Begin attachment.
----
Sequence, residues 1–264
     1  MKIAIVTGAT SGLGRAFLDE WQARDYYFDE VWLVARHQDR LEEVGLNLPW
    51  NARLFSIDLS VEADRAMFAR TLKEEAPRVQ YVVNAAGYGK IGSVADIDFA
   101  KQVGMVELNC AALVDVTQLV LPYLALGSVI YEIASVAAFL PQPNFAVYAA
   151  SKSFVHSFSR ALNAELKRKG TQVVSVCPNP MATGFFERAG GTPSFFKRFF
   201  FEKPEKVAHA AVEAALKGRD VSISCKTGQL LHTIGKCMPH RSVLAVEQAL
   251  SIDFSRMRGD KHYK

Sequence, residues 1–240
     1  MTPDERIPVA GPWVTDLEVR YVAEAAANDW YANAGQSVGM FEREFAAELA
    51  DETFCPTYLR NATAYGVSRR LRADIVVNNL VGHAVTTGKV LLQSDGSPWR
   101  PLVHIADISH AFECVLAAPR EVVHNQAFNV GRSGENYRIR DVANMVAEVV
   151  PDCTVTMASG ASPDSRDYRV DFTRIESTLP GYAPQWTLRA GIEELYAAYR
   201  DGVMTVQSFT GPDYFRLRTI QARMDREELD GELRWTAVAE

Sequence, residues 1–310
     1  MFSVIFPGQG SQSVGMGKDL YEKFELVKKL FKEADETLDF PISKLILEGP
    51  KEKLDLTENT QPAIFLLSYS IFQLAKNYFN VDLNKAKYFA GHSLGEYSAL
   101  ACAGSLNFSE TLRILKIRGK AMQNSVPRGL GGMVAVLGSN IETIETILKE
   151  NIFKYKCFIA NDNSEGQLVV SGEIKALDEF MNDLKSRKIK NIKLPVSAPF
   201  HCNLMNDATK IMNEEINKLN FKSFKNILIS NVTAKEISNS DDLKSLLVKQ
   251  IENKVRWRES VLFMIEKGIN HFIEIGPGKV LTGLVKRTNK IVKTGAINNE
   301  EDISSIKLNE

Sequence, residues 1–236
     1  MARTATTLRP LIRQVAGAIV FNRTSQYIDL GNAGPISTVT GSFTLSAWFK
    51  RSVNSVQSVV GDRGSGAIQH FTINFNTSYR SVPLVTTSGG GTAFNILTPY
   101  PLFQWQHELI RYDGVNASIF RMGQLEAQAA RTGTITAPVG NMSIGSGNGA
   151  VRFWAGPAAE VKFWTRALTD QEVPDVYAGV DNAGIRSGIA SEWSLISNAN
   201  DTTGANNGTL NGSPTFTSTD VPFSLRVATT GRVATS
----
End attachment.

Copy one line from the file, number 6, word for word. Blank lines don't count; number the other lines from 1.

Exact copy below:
   201  FEKPEKVAHA AVEAALKGRD VSISCKTGQL LHTIGKCMPH RSVLAVEQAL